Snaps have holes in the center for a reason! Mark a center dot on your fabric and pin straight through for perfect placement while sewing.
And finally, my favorite way to handsew, especially buttons – put both ends of the thread through the needle eye and catch the loop after making the first stitch. No knot!
This is particularly helpful when sewing on net or loosely woven fabric when a knot won’t catch and stay.
Do you have any favorite quick sewing tips to add? Share and/or link to them in the comments!
I’ve had a couple of freelance costuming jobs this year that I haven’t really blogged about – partly because there wasn’t much to make a complete post and partly because I just never sat down to go through some of the photos I had already shared elsewhere on the internet. Y’know, lint balls of life.
Back in March and April, I spent time working at The Dallas Opera. (You may remember me mentioning my job at the opera because it was during this time I made my Easter dress.)
They did a production of The Aspern Papers, which was a complete costume build. (Yay! A period costume build!) Usually, they either rent the majority of a show’s costumes or pull them from storage, and then just build just a few key pieces for the leads.
There was lots of menswear and tailoring. But I did get to help with the construction of one dress:
Then I did some work at home (read: not personal projects) like pattern testing Disparate Discipline’s Avocado Hoodie.
In May and June, I once again worked for Shakespeare Festival of Dallas. This year’s summer shows were A Midsummer Night’s Dream and Pericles with costume design by Lyle Huchton.
I had way too much fun sewing Lyle’s designs with the amazing fabrics he bought! You may have realized this from all the photos I posted on Instagram. Here are some of my favorites:
At the end of June (actually the day after I finished Shakespeare), I met fellow costumer Deborah Lynn Dixon, of Colorado. She stumbled across my blog earlier in the year during a bit of random web surfing. We met for lunch while she was passing through the Dallas Area on business.
She has developed an amazing product and technique for embossing fabric with glitter and paint that can look like intricate beadwork.
You can read more about the embossing process here and here. I can’t wait until she starts marketing her embossing supplies and instructions – I want to try it! (psst! Deborah, you need a blog!)
And just before I started sewing for Shakespeare this year, I applied and was hired to work a part-time job at a local fabric store called Fabrique. It’s a nice little apparel fabric store and the owner is willing to work around my unpredictable freelancing schedule. =)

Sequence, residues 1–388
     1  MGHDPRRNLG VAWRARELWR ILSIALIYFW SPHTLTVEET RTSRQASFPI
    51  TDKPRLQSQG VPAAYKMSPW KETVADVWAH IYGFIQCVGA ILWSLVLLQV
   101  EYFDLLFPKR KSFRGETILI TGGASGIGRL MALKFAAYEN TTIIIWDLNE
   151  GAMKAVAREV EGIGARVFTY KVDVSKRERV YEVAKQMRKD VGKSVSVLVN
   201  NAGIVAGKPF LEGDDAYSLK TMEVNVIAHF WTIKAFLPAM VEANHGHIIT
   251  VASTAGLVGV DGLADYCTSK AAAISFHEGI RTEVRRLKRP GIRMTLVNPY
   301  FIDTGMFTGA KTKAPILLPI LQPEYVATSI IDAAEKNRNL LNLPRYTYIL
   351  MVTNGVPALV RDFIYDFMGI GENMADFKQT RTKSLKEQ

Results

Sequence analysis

Fabrique has a website but not everything in inventory is listed for online ordering – you just have to ask (phone or email) if you don’t see something you’re looking for on the site. (Right now, there is Free Shipping on orders of $50 or more until August 14!)
So far, I have been pretty good about not bringing all the fabric home with me. I’ve only bought a couple things. One being some of this outer space print chiffon:
I have 3 sewing projects for others in process right now, and I start another long-term freelance costuming job this coming Monday. I’ll share the details of that job and the undisclosed projects as I can in future posts.
Well, enough lint balls. Let’s talk about that giveaway mentioned in the title of this post!
Since I now work part-time at a fabric store, I finally remembered to buy myself some silk organza to use as a press cloth. It’s my favorite type of press cloth because I can actually see what I’m ironing underneath it.
And I bought myself enough so that I could share!
I have 3 small and 1 slightly larger press cloth to give away to 4 lucky winners! (The small size is 18.5in x 13.5in. The large one is 18.5in x 18in.)
To enter to win:
Giveaway is open to all locations. Winners will be chosen at random for the smaller cloths. The large cloth will go to the submitter of the comment that…um…entertains me the most!
Deadline for entry is closed
11:59pm on Friday, August 16, 2013 United States Central Time (GMT -6). I’ll announce the winners in a post on Saturday August 17. See who won in this post.
Press cloths are neatly serged & standing by to be put in envelopes and mailed to new homes!
And one last thing that a lot of you might be interested in: the sale of vintage sewing patterns at Vintage Martini is being discontinued. They just uploaded a ton of new listings and they are marked down to almost nothing! Go check out the great patterns (after you comment of course)!
Just two days after posting about my Liebster Award, I was honored with another blogging award – the Very Inspiring Blogger Award!
Life has kept me rather busy (as soon as I’m able to get some better photos, I will post about my Easter dress!) so I am more than a month overdue for an “acceptance speech”.
Thank you so much for the nomination, Karen! I can’t tell you how honored I am to be on your list of inspiring bloggers! You were the first follower of my blog who I didn’t know in real life, and I am constantly inspired by your blog. You have amazing style, wonderful taste in fabric and patterns, and you teach me so many interesting details about fashion history with your posts! Thank you for the inspiration – I’m delighted that the inspiration is mutual! =)